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Review: Out #1

Out #1

Comics are a particularly fertile medium for different interpretations of the vampire mythos. From Vertigo’s Vamps, about a female biker vamp gang that spills the patriarchy’s blood wherever they go, to Image’s Dracula, Motherfucker!, a pulpy reinterpretation of the original vampire’s bloodsucking brides, there’s no shortage of examples about the storytelling possibilities the classic monster can still hold.

Rob Williams and Will Conrad’s Out, published by AWA Studios, is another great foray into vamp territory, but what makes it stand out is how well it tweaks the monster’s foundational myths to produce a more nuanced but infinitely more terrifying version of it. There’s enough classic horror here to satisfy veteran vampire fans with enough variation to keep those hungry for new blood well fed.

Out is essentially a prisoner of war story (P.O.W. for short) set in the final days of the Second World War, with the Allies quickly gaining on the Nazis in their home turf. Like any good POW story, the comic focuses on a small group of captured Allied soldiers that are being kept in a massive castle located deep in the mountains of Czechoslovakia. Dark priests and strange rituals are taking place inside the castle and they end with prisoners being fed to something that thirsts for blood, something ancient.

Out #1

A Native American soldier called Nocona emerges as the main character in all this, a code-talker that speaks several languages and that represents a whole group of First Nations servicemen that the American military enlisted to transmit coded messages during the war (codes the Germans didn’t know how to crack). His knowledge of languages figure greatly into the story and it’s one of the things that help make the vampire a deeper and more frightening character.

Without giving too much away, Nocona’s interactions with the vampire (who’s trapped by the Nazis in an effort to turn a losing war in their favor) are fascinatingly terrifying because of the character’s ability to speak in the same tongue as the creature. This allows Williams and Conrad to flesh out the monster beyond snarls, growls, and hisses.

Conrad creates a horrifying vamp here, bat-like in parts and almost alien-like in others, but William’s scripting choice to allow him to attempt communication means there’s more room afforded to its development as a multidimensional character. The comic shines in this regard.

Usually, vampire characters that are in a permanent bat monster mode rarely get the chance to speak or to add nuance to their personality. Williams and Conrad challenge this by doing the opposite, and it works well enough to set their vamp apart from the ones already out there in the field.

Nocona’s presence, though, isn’t just relegated to vampire whisperer. He’s also trying to help other POWs in the castle escape. It’s here that he meets a soldier that represents a level of attraction beyond any call of duty. His and Nocona’s interactions are among Out’s strongest and they help further differentiate this horror tale from the rest, especially in terms of how naturally it unfolds. Nothing is ever forced or propped up for shock value. It’s an organic type of development and it adds layers of emotion that pay off in the end.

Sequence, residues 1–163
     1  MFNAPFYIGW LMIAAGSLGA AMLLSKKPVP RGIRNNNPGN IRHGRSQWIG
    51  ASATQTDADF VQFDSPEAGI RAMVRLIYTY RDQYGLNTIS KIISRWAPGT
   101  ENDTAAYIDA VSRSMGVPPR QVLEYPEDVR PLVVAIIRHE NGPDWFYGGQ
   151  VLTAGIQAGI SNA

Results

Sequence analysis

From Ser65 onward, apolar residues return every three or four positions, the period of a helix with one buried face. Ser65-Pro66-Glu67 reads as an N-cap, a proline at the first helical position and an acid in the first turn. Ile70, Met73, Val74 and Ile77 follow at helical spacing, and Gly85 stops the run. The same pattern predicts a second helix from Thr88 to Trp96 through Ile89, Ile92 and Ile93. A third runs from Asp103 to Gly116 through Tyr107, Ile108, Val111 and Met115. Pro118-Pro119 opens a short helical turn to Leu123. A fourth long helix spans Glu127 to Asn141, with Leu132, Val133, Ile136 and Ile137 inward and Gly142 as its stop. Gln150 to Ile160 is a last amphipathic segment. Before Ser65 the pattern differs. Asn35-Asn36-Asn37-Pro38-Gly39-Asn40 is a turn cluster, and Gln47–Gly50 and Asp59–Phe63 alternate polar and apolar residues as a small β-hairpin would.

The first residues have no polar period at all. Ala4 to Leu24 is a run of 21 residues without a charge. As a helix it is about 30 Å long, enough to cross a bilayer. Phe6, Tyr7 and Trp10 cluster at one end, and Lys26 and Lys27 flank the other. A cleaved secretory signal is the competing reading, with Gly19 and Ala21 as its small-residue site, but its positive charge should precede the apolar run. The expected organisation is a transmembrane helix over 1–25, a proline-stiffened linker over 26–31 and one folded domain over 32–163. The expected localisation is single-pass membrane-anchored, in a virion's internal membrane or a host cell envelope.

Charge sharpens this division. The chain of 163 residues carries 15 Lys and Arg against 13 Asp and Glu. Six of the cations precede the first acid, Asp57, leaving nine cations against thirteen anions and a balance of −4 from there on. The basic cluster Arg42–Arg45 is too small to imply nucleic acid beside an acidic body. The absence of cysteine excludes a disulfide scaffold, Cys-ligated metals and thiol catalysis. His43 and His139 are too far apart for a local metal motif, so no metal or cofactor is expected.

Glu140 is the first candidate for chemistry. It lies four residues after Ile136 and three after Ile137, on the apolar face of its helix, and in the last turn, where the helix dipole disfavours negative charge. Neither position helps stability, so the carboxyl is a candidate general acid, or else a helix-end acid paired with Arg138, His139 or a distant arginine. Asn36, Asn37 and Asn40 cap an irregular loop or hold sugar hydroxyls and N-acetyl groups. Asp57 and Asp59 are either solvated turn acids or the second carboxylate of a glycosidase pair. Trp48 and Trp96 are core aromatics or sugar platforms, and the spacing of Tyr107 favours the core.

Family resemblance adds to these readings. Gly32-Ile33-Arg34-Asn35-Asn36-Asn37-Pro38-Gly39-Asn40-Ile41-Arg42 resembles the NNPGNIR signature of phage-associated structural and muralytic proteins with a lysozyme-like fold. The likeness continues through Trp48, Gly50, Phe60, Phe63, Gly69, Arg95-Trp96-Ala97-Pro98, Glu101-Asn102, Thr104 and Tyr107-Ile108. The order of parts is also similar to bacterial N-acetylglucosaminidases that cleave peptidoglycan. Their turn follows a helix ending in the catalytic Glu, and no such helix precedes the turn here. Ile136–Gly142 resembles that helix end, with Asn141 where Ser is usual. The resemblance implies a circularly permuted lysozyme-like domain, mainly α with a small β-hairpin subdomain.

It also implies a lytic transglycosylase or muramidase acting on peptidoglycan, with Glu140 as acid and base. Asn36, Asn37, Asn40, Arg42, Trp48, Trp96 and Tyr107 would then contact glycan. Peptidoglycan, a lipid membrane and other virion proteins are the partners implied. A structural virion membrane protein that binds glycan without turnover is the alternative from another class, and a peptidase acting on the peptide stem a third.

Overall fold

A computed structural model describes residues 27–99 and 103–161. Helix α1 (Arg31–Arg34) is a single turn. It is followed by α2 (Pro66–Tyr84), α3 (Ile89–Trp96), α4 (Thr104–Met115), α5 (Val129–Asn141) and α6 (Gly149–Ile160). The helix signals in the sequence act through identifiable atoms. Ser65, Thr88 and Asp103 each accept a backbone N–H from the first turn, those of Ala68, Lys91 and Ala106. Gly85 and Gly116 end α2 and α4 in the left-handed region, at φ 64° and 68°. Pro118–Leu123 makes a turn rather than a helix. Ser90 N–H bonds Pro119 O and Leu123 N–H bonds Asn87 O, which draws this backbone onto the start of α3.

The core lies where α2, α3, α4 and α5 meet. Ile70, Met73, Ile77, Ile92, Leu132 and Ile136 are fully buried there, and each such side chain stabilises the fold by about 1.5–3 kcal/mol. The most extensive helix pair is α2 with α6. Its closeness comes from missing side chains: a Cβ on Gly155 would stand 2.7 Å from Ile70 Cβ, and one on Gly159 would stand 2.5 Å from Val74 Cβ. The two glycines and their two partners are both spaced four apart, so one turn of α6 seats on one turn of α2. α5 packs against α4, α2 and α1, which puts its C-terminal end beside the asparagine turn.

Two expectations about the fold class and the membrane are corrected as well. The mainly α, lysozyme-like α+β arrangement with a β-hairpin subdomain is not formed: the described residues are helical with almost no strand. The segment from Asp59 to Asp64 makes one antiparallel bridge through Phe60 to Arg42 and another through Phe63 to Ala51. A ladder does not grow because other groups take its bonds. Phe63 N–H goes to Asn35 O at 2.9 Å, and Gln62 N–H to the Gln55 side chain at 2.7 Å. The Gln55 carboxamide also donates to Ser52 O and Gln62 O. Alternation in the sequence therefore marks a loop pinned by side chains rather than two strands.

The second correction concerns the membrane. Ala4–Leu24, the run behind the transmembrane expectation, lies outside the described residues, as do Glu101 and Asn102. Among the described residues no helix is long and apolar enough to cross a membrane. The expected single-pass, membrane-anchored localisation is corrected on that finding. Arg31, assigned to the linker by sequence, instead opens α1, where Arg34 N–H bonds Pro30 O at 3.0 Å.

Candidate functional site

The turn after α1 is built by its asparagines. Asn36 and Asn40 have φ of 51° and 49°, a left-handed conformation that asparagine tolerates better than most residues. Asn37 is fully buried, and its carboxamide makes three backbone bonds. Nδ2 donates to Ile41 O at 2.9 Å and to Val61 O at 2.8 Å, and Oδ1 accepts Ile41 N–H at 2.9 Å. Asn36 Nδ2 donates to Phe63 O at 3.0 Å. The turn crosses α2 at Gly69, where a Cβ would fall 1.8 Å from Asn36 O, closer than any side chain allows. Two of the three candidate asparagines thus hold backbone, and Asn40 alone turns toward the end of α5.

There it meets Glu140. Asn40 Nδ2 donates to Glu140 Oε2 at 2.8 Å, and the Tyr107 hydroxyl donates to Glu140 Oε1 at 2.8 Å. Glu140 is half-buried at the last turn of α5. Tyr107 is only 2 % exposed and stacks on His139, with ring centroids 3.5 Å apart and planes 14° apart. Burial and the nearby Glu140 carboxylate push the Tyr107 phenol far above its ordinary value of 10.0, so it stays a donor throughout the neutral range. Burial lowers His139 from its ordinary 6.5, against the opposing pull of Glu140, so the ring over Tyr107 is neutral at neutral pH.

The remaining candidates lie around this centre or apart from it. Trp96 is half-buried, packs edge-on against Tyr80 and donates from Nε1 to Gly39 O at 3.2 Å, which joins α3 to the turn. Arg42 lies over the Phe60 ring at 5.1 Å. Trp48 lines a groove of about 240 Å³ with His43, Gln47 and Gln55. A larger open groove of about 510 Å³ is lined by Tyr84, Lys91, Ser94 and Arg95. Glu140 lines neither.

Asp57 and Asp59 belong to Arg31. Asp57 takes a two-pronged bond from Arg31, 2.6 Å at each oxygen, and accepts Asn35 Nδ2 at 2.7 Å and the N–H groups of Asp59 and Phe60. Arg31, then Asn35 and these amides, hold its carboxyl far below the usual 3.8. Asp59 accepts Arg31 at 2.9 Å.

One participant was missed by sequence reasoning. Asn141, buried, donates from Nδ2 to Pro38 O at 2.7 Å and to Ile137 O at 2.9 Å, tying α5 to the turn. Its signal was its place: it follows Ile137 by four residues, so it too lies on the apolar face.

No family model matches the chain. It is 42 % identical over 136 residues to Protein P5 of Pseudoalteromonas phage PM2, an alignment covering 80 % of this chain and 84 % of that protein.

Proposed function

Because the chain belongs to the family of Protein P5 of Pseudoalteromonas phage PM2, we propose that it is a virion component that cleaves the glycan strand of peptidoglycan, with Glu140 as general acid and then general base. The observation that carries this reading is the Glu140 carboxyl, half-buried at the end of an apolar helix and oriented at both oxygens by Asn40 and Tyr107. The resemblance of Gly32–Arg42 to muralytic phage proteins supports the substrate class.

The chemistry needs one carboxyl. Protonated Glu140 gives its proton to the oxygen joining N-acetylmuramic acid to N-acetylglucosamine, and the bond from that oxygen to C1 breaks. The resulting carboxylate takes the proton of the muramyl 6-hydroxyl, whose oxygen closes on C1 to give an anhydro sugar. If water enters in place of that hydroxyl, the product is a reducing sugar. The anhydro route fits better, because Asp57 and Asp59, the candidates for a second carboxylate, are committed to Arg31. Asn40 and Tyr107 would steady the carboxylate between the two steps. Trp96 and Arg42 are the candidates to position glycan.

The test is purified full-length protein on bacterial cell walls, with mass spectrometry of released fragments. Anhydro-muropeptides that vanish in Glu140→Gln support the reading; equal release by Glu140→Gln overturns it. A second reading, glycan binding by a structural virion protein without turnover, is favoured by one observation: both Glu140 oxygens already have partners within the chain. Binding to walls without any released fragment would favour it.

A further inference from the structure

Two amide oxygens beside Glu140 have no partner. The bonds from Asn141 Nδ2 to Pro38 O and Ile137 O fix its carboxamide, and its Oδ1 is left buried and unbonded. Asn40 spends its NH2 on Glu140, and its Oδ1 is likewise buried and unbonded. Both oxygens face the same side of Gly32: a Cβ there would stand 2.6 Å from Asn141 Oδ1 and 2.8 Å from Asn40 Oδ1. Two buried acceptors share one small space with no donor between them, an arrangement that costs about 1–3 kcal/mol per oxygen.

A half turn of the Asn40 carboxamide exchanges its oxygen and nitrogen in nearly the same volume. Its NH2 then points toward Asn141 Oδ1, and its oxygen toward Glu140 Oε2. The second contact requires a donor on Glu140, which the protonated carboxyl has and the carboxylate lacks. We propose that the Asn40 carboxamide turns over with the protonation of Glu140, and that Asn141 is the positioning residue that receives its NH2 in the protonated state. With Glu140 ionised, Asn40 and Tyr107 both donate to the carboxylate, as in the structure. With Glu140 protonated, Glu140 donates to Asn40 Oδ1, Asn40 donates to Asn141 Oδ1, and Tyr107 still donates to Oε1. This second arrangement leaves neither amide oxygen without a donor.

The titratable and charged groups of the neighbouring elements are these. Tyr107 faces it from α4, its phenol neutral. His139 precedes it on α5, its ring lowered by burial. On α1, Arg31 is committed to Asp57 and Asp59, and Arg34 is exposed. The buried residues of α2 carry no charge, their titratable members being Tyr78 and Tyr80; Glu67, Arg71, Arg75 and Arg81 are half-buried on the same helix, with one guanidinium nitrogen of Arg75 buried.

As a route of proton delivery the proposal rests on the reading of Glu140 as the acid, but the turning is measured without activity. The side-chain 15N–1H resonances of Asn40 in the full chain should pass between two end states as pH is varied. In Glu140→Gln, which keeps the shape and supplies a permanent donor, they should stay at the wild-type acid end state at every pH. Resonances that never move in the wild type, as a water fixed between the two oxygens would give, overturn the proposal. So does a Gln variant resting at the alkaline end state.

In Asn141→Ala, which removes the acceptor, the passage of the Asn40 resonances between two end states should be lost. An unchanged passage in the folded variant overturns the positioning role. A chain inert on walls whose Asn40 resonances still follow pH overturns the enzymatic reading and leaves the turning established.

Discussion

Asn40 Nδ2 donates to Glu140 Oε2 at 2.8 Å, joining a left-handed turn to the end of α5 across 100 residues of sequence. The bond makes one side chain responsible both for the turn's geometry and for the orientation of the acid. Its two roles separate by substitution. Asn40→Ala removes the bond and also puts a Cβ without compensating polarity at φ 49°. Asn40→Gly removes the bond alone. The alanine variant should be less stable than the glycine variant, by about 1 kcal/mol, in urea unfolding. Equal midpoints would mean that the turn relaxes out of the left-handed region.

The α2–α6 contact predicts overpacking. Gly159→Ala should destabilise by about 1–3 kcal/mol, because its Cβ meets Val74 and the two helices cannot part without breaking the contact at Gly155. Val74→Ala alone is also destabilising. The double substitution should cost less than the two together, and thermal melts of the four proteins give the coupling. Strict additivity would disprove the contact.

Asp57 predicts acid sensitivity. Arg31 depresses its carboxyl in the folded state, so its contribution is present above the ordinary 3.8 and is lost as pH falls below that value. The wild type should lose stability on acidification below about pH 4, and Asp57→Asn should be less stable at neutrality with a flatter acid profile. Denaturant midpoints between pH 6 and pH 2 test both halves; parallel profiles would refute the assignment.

Out #1

In a sense, it’s not unfair to describe Out as a cross between Dracula and The Great Escape. The elements of a POW escape yarn are firmly present and a lot of the tension Williams and Conrad produce comes from the same sense of urgency war movies of this iteration are known for. In turn, the horror elements turn the narrative two-tiered, a ‘busting out of captivity’ scenario paired with a creature feature that makes the need for escape all the greater. It’s smart and it makes for compulsive reading.

Out is a great example of how to take tradition and twist it into something that can appeal to more current sensibilities. It’s a classic horror story that reads like a POW war narrative with key adages and permutations that elevate it into more compelling forms of storytelling. Williams and Conrad came up with a clever and violently emotional exploration of war, death, and everything in between. In the process, they might also suggest learning other languages can be the deciding factor in some life and death situations. You never know when you might need to talk down a blood-sucking creature from using your head as a wine glass in its native tongue.

Story: Rob Williams Art: Will Conrad
Color: Marco Lesko Letterer: Sal Cipriano
Story: 9.0 Art: 9.0 Overall: 9.0 Recommendation: Buy and learn an ancient language or two.

Purchase: comiXology/KindleTFAW